By Maria Campins, Newtral
Sara Tonelli is the head of the Digital Humanities research group at the R&D center Fondazione Bruno Kessler (Italy) and a member of HYBRIDS. Throughout this initiative, the acronym of Hybrid Intelligence to monitor, promote and analyse transformations in good democracy practices, 14 institutions will collaborate in the following years to promote different approaches on the basis of an exhaustive analysis of public discourse about crucial global issues, such as health, climate crisis, European skepticism or immigration, which will take into account both traditional media and content published through social networks.
Throughout HYBRIDS, Sara Tonelli is going to supervise an analysis of the role of disinformation to automatically identify hate speech against immigrants in multilingual social environments. Furthermore, she will manage a project to identify the stance of argumentative opinions in the political discourse.
Tonelli has a Ph.D. in Language Sciences and has the national habilitation as an Associate Professor in the area of Information Systems. Tonelli is also a member of ELLIS, the European Laboratory for Learning and Intelligent Systems, and part of the board of the Italian Association for Computational Linguistics (AILC).
How do language sciences contribute to the development of natural language processing?
If we consider language sciences as the field investigating the nature and function of language, this discipline provides the necessary input to natural language processing technologies. The better we understand how language works, and how the different languages are structured, convey meaning, and are used in context, the better technologies will be developed to process natural language.
Which is your investigation field?
My research field is computational social science with a focus on text analysis methods aimed at addressing societal challenges in the digital world, such as hate speech detection, social network analysis, and cyberbullying detection. I am particularly interested in working cross-lingually, to address the fact that current NLP systems tend to work better in English than in other languages.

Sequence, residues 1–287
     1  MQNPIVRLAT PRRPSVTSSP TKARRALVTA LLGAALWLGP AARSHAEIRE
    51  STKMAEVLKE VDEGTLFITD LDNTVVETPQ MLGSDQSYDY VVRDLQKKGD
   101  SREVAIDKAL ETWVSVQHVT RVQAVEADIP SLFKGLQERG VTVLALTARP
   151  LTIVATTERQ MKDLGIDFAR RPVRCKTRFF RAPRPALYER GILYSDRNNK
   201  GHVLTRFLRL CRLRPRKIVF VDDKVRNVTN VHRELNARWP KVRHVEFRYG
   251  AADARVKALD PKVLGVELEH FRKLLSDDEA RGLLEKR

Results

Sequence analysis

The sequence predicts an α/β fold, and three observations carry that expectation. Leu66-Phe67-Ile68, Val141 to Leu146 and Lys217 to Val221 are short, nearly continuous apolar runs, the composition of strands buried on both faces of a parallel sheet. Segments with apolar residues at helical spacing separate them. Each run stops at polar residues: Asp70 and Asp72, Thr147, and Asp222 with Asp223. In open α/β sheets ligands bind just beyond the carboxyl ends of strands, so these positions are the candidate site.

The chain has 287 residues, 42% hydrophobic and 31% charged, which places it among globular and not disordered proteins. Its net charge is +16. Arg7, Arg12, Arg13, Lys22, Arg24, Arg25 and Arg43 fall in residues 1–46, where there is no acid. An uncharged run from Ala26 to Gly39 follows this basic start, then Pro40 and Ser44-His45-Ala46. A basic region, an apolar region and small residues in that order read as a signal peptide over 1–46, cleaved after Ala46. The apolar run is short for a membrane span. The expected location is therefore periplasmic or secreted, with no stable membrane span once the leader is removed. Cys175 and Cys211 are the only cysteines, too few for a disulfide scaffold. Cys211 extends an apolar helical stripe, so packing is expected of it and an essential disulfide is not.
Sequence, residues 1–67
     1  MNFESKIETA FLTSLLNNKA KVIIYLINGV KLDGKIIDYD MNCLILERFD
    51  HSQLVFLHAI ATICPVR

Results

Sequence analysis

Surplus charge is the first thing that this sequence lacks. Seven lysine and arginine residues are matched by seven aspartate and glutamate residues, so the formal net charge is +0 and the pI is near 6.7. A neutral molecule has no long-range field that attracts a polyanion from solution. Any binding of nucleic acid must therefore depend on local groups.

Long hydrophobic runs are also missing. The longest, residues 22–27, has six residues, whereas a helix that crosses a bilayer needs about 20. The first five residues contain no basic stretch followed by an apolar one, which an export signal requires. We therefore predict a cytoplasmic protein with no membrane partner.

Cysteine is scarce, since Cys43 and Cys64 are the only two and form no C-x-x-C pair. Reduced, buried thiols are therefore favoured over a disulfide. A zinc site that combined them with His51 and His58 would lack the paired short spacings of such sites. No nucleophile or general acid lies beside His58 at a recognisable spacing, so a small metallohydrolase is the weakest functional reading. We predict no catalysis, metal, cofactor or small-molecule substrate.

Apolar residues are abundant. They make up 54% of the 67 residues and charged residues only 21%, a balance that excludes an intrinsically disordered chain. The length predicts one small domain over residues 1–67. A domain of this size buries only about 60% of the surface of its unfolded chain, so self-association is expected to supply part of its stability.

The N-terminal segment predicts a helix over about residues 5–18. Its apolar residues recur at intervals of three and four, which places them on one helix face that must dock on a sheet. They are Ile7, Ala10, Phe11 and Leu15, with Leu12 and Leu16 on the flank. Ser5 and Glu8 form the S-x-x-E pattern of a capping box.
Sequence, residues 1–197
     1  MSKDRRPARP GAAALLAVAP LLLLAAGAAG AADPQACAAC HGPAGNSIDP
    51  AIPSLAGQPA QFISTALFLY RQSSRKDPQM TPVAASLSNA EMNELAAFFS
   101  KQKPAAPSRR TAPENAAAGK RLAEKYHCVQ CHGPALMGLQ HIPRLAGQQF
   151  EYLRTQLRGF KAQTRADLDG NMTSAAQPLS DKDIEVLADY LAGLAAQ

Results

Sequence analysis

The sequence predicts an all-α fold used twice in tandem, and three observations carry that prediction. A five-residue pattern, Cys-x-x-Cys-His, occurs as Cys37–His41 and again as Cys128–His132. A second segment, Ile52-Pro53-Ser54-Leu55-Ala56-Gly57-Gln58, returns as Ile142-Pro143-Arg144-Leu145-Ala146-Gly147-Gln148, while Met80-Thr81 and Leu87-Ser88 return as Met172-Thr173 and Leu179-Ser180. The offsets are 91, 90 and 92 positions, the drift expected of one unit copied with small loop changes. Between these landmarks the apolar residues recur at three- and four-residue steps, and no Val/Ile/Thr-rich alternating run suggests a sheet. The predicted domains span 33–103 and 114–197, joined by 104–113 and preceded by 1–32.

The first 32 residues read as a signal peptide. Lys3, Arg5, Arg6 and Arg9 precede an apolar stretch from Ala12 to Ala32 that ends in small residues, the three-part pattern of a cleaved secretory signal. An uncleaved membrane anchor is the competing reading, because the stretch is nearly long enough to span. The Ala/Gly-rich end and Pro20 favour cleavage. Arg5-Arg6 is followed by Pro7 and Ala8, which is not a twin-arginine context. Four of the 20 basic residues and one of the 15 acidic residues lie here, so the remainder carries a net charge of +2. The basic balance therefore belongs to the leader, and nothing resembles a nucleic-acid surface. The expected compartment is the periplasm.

What are some of the challenges you face in your research?
Some challenges are shared by all the research community working in AI since this field is evolving at a remarkably fast pace and it requires continuously updating research goals and approaches. Other challenges are posed by the need to combine technological research with rigorous ethical and privacy requirements. AI technologies are currently very powerful and in some cases, they can be adopted in real scenarios, but their large-scale impact may affect minorities, exclude or even harm specific groups. Researchers in AI must be well aware of the impact that their findings can have and take this into account for a possible deployment.
Why is it important to train researchers in the field of hybrid intelligence?
It is crucial because I believe that the advantages of AI can benefit us only if we adopt a human-in-the-loop approach, where technology does not replace human decisions but instead can support them, allowing more informed analyses and speeding up processes. But in order to pursue this goal, researchers involved in the development of such technologies must have an in-depth understanding of how to integrate machine and human intelligence in an effective and fair way.
Which questions do you want to solve through the Ph.D. student assigned?
I will co-supervise two students aimed at analysing public discourse. In the first project, we will address the automatic detection of stance in political discourse, to understand how controversial ideas are debated by politicians, with a focus on matters relevant to EU politics such as migration and Euroscepticism. In the second project, we will address the role of disinformation and its relation to hate speech in multilingual social environments, to develop approaches that can tackle this phenomenon on a large scale.
What do you expect from HYBRIDS?
I expect to be part of a network of researchers where different expertise and perspectives on AI will be exchanged, and where young researchers will develop skills to deeply understand AI technologies from an algorithmic point of view while being able to evaluate the societal impact of their adoption. Disinformation is a phenomenon that can grow thanks to technology and digital means, but it is also through technology and hybrid intelligence that it can be fought. I am confident that HYBRIDS will provide significant contributions in this respect.